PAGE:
“For some time now Commissioner Uible, with at least an awareness of the other Commissioners, has been involved in a secretive scheme to have our county join the ranks of counties, like Hamilton, who subsidize professional sports team,” Hicks’ letter started.

Then at the July 12 meeting, Hicks spoke again during the public address portion of the meeting.

“First, Mr. Uible’s span of control is too much, as head of the county commissioners, as head of the Republican Party and CCVB board member,” Hicks said in those remarks.

At the same meeting, Commissioner David Painter addressed the issue, largely in response to the actions taken by both Union  and Miami townships.

Union Township passed a resolution unanimously at its June 22 meeting opposing the hotel lodging tax.

“There’s people sitting here tonight that have probably never heard of this,” Trustee Lloyd Acres said. “No transparency. All we ask is that you be transparent with us and we will work with you.”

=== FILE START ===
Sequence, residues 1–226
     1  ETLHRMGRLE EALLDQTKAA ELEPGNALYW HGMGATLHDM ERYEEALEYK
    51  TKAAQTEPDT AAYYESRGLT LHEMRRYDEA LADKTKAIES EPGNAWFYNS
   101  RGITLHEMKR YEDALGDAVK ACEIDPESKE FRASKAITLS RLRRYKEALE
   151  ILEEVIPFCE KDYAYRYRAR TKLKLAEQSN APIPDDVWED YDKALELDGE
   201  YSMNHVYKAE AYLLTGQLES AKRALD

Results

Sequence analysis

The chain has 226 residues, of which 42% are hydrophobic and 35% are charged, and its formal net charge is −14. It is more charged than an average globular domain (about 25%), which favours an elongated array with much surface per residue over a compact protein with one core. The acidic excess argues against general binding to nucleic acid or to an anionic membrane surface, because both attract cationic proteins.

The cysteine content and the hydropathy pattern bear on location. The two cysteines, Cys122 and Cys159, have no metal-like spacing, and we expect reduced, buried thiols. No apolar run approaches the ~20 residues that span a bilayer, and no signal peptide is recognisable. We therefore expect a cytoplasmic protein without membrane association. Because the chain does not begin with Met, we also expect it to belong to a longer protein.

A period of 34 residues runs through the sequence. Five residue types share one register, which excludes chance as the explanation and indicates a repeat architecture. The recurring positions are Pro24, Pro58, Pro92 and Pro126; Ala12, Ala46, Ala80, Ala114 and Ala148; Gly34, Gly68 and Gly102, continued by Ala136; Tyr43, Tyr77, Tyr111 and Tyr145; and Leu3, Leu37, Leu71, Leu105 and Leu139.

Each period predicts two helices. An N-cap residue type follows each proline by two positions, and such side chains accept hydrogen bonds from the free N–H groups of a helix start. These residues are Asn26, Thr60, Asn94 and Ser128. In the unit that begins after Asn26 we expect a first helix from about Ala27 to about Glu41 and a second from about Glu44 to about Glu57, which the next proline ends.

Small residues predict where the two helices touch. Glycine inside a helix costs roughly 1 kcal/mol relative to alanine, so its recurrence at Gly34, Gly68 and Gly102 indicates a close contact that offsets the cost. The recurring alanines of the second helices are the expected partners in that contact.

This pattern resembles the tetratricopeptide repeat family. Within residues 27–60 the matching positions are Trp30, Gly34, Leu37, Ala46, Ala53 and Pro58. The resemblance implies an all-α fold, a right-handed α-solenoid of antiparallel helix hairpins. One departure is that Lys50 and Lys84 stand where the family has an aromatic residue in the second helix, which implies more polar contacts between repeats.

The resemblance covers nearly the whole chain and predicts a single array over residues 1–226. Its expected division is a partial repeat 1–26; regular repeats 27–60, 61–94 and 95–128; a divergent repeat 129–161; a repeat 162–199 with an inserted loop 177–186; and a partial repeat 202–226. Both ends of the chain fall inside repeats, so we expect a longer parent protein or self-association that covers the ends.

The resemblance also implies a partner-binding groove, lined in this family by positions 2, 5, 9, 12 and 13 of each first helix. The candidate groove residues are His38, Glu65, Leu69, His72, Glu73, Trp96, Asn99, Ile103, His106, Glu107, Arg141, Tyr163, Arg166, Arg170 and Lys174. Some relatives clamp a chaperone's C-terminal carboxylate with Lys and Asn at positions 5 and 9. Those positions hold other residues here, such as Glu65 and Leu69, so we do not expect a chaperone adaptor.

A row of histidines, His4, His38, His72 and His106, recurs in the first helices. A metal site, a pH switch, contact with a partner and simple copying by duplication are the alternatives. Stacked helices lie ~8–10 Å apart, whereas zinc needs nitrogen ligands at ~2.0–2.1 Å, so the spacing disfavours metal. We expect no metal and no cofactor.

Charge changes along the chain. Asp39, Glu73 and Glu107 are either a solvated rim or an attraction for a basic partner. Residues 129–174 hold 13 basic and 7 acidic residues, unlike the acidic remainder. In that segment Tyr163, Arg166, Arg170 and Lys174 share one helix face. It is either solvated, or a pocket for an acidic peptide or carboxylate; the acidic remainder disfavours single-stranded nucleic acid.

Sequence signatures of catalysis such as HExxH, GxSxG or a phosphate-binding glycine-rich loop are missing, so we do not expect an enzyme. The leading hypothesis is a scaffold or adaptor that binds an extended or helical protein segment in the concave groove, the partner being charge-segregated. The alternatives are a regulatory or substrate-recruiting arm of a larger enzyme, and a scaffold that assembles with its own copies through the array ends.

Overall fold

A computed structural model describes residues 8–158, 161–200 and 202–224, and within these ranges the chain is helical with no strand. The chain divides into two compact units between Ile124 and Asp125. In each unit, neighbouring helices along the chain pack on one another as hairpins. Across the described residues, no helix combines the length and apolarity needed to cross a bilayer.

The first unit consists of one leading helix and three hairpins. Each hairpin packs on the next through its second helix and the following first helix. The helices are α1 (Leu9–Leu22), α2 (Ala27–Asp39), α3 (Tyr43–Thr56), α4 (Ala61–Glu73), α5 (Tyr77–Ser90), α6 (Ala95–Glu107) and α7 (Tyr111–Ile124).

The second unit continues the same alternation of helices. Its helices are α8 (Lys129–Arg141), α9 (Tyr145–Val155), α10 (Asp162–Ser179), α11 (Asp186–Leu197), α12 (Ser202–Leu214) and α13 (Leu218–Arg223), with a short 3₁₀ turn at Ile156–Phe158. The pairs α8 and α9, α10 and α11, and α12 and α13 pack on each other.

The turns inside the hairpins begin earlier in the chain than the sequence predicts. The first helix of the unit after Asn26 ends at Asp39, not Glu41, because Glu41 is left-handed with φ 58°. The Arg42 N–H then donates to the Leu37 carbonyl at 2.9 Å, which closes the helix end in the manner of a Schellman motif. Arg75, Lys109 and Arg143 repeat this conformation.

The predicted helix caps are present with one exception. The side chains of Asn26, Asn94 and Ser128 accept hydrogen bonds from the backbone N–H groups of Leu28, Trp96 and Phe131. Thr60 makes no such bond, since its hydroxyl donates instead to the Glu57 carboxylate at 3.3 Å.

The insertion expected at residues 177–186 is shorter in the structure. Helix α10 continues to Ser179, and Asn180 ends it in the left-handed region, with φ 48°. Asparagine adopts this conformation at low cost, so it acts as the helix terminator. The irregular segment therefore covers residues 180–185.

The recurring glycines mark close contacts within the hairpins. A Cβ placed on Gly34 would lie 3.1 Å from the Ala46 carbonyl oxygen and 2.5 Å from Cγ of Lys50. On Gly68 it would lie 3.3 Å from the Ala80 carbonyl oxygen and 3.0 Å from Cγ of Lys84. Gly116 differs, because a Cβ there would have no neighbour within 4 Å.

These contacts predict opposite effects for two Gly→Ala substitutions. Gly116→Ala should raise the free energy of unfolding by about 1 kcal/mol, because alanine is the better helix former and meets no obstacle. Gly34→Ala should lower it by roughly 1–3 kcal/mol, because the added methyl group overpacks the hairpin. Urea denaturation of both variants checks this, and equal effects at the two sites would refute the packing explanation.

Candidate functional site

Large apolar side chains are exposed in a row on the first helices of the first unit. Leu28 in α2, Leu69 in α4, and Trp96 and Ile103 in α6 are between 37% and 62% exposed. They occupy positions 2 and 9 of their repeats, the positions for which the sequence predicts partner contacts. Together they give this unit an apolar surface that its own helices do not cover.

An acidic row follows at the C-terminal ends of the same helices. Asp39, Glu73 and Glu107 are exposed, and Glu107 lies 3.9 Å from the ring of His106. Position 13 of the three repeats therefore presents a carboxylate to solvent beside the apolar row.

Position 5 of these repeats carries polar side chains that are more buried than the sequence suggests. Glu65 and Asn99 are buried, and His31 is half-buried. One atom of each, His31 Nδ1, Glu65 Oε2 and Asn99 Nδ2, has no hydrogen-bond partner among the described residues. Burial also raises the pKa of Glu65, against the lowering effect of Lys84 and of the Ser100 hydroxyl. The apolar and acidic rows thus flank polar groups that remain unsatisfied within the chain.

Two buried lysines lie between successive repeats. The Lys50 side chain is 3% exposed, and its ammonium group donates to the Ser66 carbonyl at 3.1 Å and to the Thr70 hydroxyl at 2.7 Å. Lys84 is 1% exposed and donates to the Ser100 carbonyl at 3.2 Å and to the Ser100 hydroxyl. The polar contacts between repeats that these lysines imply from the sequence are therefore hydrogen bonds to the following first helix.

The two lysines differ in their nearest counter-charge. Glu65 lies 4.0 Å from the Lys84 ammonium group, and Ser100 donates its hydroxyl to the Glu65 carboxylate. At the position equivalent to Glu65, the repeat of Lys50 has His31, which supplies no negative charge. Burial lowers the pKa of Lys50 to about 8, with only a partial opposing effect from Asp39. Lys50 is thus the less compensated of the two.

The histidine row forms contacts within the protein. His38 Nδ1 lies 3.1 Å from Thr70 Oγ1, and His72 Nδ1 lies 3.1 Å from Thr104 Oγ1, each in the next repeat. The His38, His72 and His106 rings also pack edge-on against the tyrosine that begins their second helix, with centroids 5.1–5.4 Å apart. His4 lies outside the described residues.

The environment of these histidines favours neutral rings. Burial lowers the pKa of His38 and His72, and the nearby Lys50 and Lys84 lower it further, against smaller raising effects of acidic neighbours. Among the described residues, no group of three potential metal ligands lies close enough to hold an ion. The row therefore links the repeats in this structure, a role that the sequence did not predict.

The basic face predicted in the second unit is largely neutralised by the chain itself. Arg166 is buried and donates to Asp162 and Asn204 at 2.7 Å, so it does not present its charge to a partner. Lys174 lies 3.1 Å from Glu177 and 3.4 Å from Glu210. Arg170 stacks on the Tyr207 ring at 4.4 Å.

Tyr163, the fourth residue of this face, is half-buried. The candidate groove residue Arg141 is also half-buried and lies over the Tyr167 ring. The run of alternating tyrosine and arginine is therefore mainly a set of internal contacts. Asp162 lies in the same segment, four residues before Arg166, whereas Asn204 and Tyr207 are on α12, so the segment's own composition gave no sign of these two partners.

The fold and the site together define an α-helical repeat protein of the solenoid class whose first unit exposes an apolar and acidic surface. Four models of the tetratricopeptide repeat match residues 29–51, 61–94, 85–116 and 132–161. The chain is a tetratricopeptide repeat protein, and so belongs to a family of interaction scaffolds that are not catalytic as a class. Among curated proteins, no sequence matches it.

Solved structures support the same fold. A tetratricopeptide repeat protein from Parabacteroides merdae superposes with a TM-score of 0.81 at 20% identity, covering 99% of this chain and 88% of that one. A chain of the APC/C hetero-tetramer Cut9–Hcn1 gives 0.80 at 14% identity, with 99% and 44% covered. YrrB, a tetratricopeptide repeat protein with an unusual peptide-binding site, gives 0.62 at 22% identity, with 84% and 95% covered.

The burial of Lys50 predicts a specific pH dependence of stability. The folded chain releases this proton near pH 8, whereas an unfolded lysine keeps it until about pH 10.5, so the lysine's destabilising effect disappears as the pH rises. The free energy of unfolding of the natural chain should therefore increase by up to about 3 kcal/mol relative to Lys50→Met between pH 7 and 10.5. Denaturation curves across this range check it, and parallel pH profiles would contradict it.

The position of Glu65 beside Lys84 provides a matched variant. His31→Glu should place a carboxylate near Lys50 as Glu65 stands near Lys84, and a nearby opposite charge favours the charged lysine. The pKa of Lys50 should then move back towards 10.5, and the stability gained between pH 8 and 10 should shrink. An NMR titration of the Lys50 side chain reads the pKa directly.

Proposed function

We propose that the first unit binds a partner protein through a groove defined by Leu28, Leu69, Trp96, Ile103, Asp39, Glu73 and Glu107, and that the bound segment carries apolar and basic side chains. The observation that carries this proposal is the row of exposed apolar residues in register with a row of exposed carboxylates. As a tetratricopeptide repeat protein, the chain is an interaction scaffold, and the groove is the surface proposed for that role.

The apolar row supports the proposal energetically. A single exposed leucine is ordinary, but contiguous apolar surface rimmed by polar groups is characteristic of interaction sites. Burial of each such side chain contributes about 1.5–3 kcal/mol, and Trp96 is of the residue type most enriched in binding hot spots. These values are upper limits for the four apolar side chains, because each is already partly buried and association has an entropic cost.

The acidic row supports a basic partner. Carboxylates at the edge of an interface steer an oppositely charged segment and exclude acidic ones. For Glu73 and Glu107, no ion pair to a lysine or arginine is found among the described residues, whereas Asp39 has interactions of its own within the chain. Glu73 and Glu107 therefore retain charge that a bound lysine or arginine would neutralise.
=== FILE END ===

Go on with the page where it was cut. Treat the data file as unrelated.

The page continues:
Painter said he was committed to “fair and open discussion of all details prior to consideration to enact the subject tax.”

“I will not enact any increase in the current Clermont County Motel/Hotel Lodging Tax without first fully disclosing all information pertaining to the said use of the additional tax revenue and hearing stakeholder concerns prior to a decision whereby the additional tax may be enacted,” Painter said.

Painter continued, “It is further the intent of this Board that a meeting is scheduled with the aforementioned parties at a mutually agreed upon convenient time and place, including members of the Clermont County Convention and Visitors Bureau, to provide open discussion of the economic opportunity that resulted in the Hotel/Motel Lodging Tax Amendment being included in HB 49.”

Commissioner Ed Humphrey and Uible said they concurred with Painter’s statement.

At the July 26 meeting, when it turned to the “public participation” part of the meeting, Hicks raised his hand to read another statement before the board.